Build a colour changing LED floodlight.


I'll guess most of us have seen the 150W or 500W halogen floodlights that are so cheaply available for outdoor lighting. Their cases are perfect for building a waterproof LED floodlight as shown in this project.
Although I've designed the circuit board to be compatible with my colour changing controller, it can either be used as a red, green and blue colour mixing panel or as a single colour panel. The use of a single colour could make it useful for low energy solar powered lighting or even as red/blue hydroponic grow lights.
The superflux LEDs are great to work with since they have four pins that make them sit level on the PCB. They also have very good output and beam control. You can get them quite cheaply from an online supplier like Phenoptix.com or in bulk on ebay. The ebay LEDs tend to be a bit variable in quality, but are generally fine for personal projects and cost a fraction of the high profile brands.



Here's the circuit board. I've had a batch manufactured to save having to etch your own. It's fully RoHS compliant and is designed to fit into a 150W halogen floodlight case. It holds 54 superflux LEDs, either as 18 of red, green and blue for colour mixing or all one colour. You can use any of the standard square, four pin, single chip, superflux LEDs regardless of lens size.
You can buy these PCB's in my online shop.


The copper side has been designed to dissipate the heat from the resistors over a large area by means of extra track fins. The resistors also mount on the back for neatness and to help keep radiated heat away from the LEDs.


We start by mounting the six links. I could have made the board double sided, but it didn't seem worth it for so few links.


Then we mount the red LEDs noting the polarity chamfer on one corner and lining it up with the matching chamfer on the PCB component image. Resist the temptation to put all the LEDs on at once if you are using red, green and blue LEDs. Mixing them up is a bit of a nightmare.
Apparently some of the Chinese Ebay suppliers are shipping LEDs with reversed polarity, so before you solder all your LEDs in it is well worth checking that the polarity chamfer does indicate the negative side. You can either use a 9V battery and a resistor, or get a dedicated LED tester which is available quite cheaply on the Internet.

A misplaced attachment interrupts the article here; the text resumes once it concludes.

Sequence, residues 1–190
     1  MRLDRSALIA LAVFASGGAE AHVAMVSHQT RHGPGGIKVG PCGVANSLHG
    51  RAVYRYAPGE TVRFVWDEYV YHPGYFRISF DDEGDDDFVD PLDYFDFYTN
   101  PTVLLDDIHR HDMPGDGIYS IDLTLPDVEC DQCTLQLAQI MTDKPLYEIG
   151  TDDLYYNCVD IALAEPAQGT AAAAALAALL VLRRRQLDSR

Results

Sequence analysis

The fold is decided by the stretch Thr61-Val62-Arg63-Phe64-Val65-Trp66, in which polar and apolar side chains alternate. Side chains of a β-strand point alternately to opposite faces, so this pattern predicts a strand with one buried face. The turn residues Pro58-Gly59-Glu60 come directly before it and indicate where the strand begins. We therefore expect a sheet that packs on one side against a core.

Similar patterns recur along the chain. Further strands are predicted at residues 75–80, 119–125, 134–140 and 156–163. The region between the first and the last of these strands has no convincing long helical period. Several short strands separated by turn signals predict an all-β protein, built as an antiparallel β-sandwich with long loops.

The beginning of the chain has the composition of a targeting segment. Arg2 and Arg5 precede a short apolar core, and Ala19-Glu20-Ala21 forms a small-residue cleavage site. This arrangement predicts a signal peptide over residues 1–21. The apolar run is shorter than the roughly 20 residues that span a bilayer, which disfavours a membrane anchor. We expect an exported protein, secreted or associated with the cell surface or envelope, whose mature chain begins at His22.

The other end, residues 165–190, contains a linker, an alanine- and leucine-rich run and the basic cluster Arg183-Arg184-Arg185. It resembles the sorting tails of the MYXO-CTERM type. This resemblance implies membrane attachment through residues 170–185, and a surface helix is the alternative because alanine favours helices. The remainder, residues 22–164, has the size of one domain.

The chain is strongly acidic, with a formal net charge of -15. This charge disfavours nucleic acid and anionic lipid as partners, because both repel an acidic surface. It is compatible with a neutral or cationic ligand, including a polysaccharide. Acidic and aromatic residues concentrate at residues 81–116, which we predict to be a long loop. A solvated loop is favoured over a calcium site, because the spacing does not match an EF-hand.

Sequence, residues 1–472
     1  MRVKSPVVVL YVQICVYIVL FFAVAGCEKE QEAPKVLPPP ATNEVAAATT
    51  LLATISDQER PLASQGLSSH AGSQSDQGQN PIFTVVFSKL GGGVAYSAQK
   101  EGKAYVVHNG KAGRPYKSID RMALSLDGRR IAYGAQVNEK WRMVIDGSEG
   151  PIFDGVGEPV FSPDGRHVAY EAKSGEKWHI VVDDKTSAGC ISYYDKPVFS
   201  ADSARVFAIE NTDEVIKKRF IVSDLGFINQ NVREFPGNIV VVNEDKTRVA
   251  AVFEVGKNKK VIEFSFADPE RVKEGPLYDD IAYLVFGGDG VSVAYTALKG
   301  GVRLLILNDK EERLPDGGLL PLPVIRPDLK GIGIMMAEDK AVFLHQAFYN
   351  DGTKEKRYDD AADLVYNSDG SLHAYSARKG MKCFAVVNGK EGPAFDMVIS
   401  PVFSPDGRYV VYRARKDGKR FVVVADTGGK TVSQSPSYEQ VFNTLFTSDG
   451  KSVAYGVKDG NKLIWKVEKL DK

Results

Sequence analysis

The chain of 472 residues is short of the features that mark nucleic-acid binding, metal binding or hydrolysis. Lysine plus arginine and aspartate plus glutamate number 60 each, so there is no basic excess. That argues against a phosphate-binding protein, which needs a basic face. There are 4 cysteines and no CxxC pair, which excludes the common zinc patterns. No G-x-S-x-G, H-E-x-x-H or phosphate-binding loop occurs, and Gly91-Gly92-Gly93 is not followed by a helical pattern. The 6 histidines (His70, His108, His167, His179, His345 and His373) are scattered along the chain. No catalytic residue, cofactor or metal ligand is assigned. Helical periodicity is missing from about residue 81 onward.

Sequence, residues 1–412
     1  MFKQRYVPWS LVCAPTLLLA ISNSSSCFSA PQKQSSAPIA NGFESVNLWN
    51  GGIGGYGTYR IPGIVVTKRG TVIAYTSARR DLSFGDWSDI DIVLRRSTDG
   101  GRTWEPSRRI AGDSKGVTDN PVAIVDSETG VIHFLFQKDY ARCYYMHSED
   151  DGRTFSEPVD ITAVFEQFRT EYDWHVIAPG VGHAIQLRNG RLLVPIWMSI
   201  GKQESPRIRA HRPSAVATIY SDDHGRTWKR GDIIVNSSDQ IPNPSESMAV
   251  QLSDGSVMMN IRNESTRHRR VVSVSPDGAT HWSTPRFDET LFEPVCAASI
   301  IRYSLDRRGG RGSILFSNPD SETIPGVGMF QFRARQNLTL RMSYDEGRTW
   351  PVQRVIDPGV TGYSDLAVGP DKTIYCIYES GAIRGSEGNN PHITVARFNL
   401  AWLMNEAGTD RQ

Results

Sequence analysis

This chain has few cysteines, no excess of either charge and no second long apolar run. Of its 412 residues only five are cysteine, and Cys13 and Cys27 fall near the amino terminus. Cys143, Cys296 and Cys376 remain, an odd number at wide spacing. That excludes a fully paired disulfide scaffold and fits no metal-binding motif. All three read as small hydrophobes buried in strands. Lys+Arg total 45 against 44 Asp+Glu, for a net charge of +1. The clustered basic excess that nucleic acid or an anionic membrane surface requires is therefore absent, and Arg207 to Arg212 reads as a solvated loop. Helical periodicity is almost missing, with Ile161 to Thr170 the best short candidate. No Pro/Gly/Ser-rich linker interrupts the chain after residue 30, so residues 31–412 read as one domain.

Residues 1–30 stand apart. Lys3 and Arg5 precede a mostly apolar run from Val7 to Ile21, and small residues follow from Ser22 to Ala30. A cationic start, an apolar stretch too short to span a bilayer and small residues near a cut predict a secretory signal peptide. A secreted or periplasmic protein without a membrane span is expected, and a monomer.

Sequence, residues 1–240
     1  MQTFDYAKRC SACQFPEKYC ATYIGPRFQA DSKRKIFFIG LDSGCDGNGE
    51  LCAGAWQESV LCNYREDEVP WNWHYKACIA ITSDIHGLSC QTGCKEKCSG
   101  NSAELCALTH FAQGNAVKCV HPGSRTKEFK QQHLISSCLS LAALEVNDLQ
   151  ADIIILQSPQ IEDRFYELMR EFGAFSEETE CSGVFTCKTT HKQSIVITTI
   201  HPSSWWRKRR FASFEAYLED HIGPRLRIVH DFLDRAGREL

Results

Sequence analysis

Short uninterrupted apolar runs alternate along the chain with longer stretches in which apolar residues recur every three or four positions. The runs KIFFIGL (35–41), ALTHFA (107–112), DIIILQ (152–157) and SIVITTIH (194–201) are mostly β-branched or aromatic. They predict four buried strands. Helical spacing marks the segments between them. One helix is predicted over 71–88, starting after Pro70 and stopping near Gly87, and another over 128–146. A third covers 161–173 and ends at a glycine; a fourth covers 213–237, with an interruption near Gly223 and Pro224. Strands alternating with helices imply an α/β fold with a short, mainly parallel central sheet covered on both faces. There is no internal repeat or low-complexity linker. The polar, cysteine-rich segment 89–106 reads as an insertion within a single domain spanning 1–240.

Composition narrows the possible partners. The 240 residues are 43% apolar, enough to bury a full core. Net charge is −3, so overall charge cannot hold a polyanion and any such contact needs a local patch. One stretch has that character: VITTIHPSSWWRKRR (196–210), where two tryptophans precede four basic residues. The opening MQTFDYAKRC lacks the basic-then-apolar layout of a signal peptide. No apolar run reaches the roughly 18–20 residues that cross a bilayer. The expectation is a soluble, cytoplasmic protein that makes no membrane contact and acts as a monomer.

I always solder two diagonally opposite pins on each LED first. Then once I've done the whole board that way I go over them again doing the other two pins. This reduces the thermal stress on the LEDs compared to soldering them all at once. I do recommend the use of traditional lead based solder as opposed to the dreadful lead free stuff that is being forced on us by misguided eco hippies.


Then mount the green and then blue LEDs in the same way until the board has all its LEDs fitted.


The resistors are mounted on the back of the PCB, so bend the leads and cut them quite short so they just poke through the other side of the PCB. The actual resistor values will depend on your choice of LEDs, but typically the red might be 220 ohm and the green and blue 150 ohm. The board is designed for operating the LEDs at 20mA. Higher currents are not recommended.
The LEDs are wired in series multiples of three for 12V use.



The board is designed to take a small Molex style connector on either the front or back, but you can also solder wires directly to the pads.
If you're making a single colour panel, just common the red, green and blue channels to light the whole panel.


The mounting hardware is just short M3 (about 1/8" diameter) bolts with three nuts threaded on as spacers and one at the back to attach to the PCB.


A drop of two part resin is put on the heads of the mounting bolts and the circuit board is then placed squarely on the floodlights glass front. Once the resin has set the PCB can be removed from the glass if desired, leaving the spacer bolts attached to the glass. It's a good idea to clean the glass and bolt heads with a solvent before gluing them together. I put six mounting holes on the PCB, but you only need to use three or four. They are spaced quite oddly due to the need to keep the PCB as small as possible to allow it to be used in a wide range of housings.


Heres a finished module with the red, green and blue channels at low intensity to avoid swamping out the camera.


And here's a version with all blue LEDs at full output. Not comfortable to look at!


For larger lights and higher output you can mount two of these modules in the larger 500W style floodlight housing.

You can buy these PCB's in my online shop.




Click here for more fun things to make and do.